The party’s Midlands Province Coordinating Committee made the resolution over the weekend, apparently ending the ZANU PF succession debate that observers have said threatened to divide the party.
In May the ZANU PF politburo set up a committee to look into the issue of choosing new leaders for the party, a move that was seen as a sign the party was finally looking for a Mugabe successor.
But Emmerson Mnangagwa, ZANU PF Secretary for Legal Affairs, who was also rumoured to be harboring his own presidential hopes, said this weekend the ZANU PF Midlands grouping had agreed they are satisfied and committed to Mugabe’s leadership of the party.
Political analyst Professor John Makumbe explained on Tuesday that the move is little more than an attempt by the provincial ZANU PF branch to impress Mugabe, saying Mnangagwa in particular has been vying for a top leadership seat for many years.
Professor Makumbe said the succession debate in ZANU PF will rage on, regardless of the title Mugabe has been given, arguing the title is ‘unconstitutional’.
“ZANU PF’s own constitution has no room for such things, and its quite simple: the succession debate will only be over when it is over,” Professor Makumbe said. “The fight will intensify and all these attempts to impress Mugabe are part of the fight.”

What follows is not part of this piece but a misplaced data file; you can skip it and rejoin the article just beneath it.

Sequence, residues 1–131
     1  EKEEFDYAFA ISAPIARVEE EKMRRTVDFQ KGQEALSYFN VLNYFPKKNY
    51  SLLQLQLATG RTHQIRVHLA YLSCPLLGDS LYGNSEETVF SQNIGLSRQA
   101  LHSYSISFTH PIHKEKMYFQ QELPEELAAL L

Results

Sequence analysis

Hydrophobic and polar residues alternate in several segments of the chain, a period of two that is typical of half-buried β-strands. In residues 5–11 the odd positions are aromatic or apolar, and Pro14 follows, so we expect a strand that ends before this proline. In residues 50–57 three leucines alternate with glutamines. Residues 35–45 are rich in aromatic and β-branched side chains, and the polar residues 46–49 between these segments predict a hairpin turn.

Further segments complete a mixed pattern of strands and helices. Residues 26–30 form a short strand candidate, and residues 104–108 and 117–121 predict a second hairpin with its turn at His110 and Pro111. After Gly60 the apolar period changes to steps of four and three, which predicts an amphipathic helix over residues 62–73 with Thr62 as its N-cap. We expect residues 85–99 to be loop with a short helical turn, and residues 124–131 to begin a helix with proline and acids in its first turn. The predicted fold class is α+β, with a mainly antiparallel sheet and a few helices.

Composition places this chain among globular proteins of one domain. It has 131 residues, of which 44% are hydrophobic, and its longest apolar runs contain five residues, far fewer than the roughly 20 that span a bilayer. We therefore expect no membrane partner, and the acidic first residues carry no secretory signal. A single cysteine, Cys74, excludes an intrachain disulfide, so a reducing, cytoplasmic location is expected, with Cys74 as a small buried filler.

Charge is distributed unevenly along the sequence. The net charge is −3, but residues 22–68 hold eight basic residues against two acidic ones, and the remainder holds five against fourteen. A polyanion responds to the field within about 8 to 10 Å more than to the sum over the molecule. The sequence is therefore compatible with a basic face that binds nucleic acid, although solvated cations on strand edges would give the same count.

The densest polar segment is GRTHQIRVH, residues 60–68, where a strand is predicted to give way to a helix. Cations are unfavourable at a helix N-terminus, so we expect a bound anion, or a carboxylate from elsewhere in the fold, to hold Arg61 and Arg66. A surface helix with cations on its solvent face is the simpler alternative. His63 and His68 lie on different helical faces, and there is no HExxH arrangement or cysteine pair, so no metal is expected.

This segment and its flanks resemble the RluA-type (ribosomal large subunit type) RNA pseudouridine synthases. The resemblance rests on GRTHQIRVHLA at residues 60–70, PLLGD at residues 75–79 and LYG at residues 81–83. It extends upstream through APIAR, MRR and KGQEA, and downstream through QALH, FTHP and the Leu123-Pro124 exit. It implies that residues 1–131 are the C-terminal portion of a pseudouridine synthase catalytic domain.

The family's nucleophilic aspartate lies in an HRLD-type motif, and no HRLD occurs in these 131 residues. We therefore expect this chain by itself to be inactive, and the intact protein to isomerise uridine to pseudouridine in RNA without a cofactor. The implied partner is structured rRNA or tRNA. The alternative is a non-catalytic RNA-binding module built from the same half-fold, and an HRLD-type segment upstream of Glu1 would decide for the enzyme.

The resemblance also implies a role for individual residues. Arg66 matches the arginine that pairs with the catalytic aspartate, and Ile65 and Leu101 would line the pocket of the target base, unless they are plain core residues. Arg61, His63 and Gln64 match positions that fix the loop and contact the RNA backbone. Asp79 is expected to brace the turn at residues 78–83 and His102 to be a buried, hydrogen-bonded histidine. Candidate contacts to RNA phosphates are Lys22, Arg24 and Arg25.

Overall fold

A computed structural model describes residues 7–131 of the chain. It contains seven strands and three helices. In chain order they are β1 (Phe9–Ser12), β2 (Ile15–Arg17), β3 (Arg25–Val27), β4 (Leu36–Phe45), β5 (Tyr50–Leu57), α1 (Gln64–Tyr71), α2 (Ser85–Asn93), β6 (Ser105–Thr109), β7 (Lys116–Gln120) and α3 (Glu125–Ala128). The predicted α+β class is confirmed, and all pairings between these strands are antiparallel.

ZANU PF infighting has reportedly been growing steadily worse since the party lost its parliamentary majority for the first time since independence, to the MDC last year.
Mugabe meanwhile has said he would not step down until he is convinced that his departure will not lead to the collapse of ZANU PF. But what does the declaration mean for Zimbabwe? Professor Makumbe argued that it means ‘nothing’, saying nothing at all is going to change the current situation.
“ZANU PF has not changed even if the party is in disarray,” the Professor explained.
The declaration of Mugabe as ‘Supreme leader’ puts him on a level with Iran’s Ayatollah Ali Khamenei, an ironic similarity that puts the two countries even closer on a par than they’ve been before. Iranians too have suffered enormous human rights violations under Khamenei’s ‘supreme’ leadership, including strict media restrictions. Mugabe meanwhile has in the past defended Iran, saying in 2006 that he and Iranian President Mahmoud Ahmadinejad were like-minded ‘revolutionaries’.
Professor Makumbe explained he is not surprised by ZANU PF’s willingness to place itself in line with a country like Iran, saying the party respects the regime type that is dictatorial and oppressive.
“They may as well put the party in line with the Taliban,” Professor Makumbe said. SW Radio Africa